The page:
Nowadays, one of the most worrying aspects of the entrance of youngsters in the labour market is the problem of skills matching.
It is common for people to be overqualified for a certain type of job, or, on the contrary, to be under qualified. And the problem that arises is: How to match people with the correct job given their skills?
As it is quite difficult to observe the skills a certain person holds, this problem will, in many cases, be linked to increasing youth unemployment rate. It is said, that this situation in particular may be the principal obstacle for young people in the labour market.
This is shown when the existence of a large number of vacancies in the labour market is still associated with a high level of unemployment. This happens in a lot of countries in Africa, and South Africa has one of the most extreme cases, with 600 000 unemployed graduates and 3 million youngsters not incurring in any training or job related activity, and still, in the private sector, experienced 800 000 vacancies (data of 2010).
So how is, in fact, possible to address this problem?
One approach to this situation is the increase in education levels, in order to oblige young people to acquire higher levels of education.
However, it is not true that this will lead to a reduction in the problem described above. The quality of the education must be taken into account, and must be improved. On the other hand, it should be taken into account the job one may wish to perform in the future, and orientate youngsters to a field of education more in line with the task to execute (such as specialized and more practical courses).
Regarding the side of the firm, a mismatch in skills in the workers may lead to unskilled employees performing tasks they are not capable of performing, reducing the firm’s productivity, and still the worker is receiving a higher wage than it should. On the other hand, an overqualified worker performing a task that is below his skills might lead to alienation of the worker since he feels he should be receiving a higher wage and performing tasks more in line with the skills and qualifications he possesses. So, in order to address this problem it is necessary to provide a screening and recruitment program. Though it is still rather problematic to overcome it, due to the problems of asymmetric information (adverse selection and moral hazard).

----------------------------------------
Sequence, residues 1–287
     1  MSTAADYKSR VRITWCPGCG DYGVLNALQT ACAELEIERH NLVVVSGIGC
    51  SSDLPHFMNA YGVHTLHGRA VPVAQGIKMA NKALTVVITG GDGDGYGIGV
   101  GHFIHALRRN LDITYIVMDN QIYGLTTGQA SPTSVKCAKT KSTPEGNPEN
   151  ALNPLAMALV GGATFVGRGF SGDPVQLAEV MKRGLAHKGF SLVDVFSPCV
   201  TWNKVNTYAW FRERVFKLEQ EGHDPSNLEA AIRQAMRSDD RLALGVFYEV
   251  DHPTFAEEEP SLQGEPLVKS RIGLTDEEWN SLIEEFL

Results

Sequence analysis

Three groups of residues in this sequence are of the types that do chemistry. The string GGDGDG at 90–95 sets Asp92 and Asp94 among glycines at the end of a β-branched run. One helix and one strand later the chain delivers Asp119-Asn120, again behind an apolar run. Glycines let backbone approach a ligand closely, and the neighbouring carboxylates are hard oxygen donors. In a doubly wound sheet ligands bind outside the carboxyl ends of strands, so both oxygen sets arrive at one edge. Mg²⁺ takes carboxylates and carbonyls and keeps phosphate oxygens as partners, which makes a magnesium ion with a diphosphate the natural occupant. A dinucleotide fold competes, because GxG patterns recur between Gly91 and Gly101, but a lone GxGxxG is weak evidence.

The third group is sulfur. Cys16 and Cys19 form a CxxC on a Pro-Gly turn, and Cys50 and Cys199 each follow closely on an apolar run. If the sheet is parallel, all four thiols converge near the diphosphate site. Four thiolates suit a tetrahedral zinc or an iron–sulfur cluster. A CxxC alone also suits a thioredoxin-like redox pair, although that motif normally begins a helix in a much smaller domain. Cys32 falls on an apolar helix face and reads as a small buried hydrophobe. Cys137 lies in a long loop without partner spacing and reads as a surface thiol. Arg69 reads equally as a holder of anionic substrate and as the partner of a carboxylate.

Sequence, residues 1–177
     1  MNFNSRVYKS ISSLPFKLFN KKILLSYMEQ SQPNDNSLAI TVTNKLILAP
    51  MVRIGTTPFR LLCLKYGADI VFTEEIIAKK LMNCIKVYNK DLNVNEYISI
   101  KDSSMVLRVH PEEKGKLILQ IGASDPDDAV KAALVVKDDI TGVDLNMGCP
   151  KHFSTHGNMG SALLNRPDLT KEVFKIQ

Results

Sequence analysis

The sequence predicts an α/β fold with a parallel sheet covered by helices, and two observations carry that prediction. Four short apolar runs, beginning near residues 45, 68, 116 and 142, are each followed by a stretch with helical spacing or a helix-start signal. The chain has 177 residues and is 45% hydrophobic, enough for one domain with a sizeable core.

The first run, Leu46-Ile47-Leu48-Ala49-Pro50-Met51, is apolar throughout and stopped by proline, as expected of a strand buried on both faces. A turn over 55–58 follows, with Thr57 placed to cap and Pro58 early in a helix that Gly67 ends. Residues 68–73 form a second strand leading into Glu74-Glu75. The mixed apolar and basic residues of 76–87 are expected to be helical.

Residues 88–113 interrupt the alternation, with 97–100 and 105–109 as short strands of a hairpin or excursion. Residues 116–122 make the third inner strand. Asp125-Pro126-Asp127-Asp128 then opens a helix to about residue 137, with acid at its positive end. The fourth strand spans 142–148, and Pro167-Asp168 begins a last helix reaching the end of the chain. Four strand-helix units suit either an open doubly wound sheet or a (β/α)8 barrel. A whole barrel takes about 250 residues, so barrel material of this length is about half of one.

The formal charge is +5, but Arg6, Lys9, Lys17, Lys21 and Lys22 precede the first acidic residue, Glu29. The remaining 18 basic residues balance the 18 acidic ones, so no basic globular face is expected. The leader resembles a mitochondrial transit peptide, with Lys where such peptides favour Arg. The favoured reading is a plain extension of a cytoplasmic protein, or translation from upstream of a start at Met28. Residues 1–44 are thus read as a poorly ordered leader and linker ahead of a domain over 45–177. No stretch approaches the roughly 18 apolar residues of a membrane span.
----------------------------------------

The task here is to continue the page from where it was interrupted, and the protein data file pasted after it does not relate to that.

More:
The firms should be thorough concerning the employees and the skills they bear; it may be in the firm’s interest to invest in training and formation, and so it may choose not a very high skilled worker but one that it has confidence that could be a valuable asset in the future.
To sum up, mismatch in the skills possessed by the employees is a difficult situation to address and can cause serious problems not only to the worker but to the firm as well. It is required to invest in screening programs to help identify the workers and, on the side of the employers, an early investment in education an on its quality.
Skill Mismatch: The Role of the Enterprise, research project nr 21, Publications office of the European Union 2012
Maria Almeida – 637